Extortionate energy bills are on everyone’s mind with climbing rates pricing millions of households out of their hard-earned income. Despite the early spring weather finally setting in, frosty mornings and cold winds mean it is still too cold to turn off the heating across most parts of the UK – but when is the best time to do it? PlumbNation reveals the exact date you should make the switch – and it’s sooner than you might think.
When should you switch off your central heating?
Heating your home is crucial to prevent mould, dampness and to make your property a safe place to live throughout the winter months.
With the worst of the harsh weather behind us, warmer spring days will see windows opening and heating turned down – but few people will make the switch to turn it off completely.
While a cosy, warm home can be very inviting of an evening, the central heating experts at PlumbNation recommend making the switch in as little as two weeks time.
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Heating expert Jordan Chance said: “With the cost of living rising across the country, including higher energy price caps, many Brits will be feeling the financial squeeze.
“Although there is no single temperature at which you should turn your heating off, many aim for the time when clocks go forward, which this year falls on March 27.”
By then, daytime temperatures could reach highs of around 13C as the height of the spring sunshine sets in.
While making the switch will certainly curb your energy bills, you might still feel the chill on those colder spring days.
Luckily, there are a number of simple ways to stay warm without spending a fortune, but where should you begin?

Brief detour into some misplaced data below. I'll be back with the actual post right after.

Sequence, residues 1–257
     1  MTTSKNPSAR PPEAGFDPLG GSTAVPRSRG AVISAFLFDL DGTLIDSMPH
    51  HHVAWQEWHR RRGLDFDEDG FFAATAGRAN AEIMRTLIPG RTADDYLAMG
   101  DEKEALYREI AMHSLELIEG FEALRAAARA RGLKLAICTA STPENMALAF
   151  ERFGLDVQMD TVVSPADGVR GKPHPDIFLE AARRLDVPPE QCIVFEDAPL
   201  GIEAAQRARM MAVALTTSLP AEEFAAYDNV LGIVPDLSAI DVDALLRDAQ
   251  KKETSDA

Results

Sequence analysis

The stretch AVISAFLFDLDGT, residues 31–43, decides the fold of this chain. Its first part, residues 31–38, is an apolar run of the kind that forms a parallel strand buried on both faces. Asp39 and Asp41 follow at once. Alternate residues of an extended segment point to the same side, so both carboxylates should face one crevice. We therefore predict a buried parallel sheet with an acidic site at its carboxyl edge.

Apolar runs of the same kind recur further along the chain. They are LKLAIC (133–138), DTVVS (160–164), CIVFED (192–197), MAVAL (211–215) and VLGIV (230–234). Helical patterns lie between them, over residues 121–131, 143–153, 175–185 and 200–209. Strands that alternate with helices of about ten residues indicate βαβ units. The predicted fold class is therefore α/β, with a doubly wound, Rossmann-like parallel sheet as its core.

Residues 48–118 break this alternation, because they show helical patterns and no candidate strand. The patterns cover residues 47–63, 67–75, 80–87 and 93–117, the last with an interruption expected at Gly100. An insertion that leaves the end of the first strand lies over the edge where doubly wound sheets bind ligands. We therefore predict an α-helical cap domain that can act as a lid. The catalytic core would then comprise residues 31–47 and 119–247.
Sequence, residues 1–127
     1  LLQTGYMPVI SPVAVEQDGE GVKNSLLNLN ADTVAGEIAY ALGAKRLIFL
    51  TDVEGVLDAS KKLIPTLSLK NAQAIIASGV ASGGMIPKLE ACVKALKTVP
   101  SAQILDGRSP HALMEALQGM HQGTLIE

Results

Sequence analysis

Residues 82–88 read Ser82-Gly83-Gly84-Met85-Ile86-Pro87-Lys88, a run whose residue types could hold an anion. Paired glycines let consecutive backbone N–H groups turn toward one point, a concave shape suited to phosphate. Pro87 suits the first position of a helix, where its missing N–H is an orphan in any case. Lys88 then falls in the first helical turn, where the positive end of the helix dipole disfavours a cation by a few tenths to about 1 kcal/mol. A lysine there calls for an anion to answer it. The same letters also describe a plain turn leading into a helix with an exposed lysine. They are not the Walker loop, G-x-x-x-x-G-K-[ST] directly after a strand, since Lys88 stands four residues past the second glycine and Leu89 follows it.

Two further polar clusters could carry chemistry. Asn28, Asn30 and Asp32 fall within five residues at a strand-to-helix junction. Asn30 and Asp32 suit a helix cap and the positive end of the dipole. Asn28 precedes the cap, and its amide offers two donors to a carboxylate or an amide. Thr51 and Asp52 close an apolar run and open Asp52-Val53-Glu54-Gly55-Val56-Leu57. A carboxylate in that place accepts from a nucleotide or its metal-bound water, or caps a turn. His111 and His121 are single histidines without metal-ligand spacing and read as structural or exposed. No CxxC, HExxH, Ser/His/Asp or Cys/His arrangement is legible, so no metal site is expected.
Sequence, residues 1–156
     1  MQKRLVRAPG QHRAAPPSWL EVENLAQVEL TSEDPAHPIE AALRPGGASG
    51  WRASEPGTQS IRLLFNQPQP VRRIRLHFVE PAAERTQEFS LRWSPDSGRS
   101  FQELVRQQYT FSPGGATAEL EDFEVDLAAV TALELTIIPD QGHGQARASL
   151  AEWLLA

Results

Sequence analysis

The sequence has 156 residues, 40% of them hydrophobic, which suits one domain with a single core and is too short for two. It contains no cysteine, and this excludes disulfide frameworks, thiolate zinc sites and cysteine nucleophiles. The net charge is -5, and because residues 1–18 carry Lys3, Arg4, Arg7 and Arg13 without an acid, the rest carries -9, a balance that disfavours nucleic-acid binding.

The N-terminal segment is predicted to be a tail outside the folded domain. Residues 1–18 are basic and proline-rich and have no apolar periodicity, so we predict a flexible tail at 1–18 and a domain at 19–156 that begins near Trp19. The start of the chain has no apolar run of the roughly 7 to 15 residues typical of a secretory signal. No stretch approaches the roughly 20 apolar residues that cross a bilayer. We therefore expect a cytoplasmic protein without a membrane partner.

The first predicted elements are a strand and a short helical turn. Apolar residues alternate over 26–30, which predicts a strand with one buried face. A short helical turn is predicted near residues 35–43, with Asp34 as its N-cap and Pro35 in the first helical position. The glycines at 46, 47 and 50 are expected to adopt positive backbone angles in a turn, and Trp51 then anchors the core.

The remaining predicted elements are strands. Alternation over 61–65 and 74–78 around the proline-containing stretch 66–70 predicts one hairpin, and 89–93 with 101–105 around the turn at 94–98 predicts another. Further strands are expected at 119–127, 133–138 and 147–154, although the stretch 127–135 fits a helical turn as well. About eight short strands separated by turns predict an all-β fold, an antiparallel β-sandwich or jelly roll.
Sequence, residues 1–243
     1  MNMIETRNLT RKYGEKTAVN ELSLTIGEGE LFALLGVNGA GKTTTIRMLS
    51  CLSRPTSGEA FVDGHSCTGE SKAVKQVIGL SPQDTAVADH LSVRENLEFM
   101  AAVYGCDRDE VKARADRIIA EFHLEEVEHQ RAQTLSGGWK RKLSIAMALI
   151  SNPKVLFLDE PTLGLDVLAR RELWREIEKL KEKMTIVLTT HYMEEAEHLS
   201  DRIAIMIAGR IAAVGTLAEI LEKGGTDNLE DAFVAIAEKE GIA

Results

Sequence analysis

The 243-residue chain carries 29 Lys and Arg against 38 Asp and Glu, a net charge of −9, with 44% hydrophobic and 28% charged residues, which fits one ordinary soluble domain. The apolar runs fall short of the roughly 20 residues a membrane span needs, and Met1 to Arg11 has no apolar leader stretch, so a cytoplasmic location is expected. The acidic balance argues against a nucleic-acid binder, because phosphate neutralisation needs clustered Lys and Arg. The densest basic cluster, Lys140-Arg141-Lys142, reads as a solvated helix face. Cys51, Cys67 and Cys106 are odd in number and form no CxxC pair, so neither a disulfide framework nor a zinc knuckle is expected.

Insulate your home
While waiting for a spike in the temperature is the obvious time to turn your heating off, Jordan warns that this is unlikely to have an effect on the warmth of your home.
He said: “There’s no specific temperature at which you should be turning off your heating, as it will depend on how well insulated your home is.
“Well insulated homes will retain their heat even when temperatures are low into the early spring, but every home will be different.”
Invest in proper insulation throughout your home or service your existing measures.
There could be a number of small, inexpensive improvements which could significantly improve the warmth of your property.
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Draught-proof unwanted airflow
Stopping existing heat from escaping is also one of the simplest ways to stay warm without using your heating.
To draught-proof your home you should cover unwanted gaps and plug rogue gaps in walls, flooring, windows, doors and fireplaces.
Use draught-proofing strips around window and door frames to seal off small openings.
You can also make use of silicone-based or flexible filler to fill gaps in your floorboards.
Perhaps the most obvious one, layering up should be everyone’s go to solution to warming up while at home.
Swap shorts and a t-shirt for thick jumpers and cosy trousers to insulate your body.
Add extra blankets onto soft furnishings to level up the cosiness of your bedding and sofa.
Decorate rooms with thick, plush rugs to warm-up hard flooring, and keep your feet toasty while moving around the home.
Lastly, keep your feet warm at all times. The majority of your body heat is lost from your hands and feet so it is important to keep them toasty while lounging about at home.
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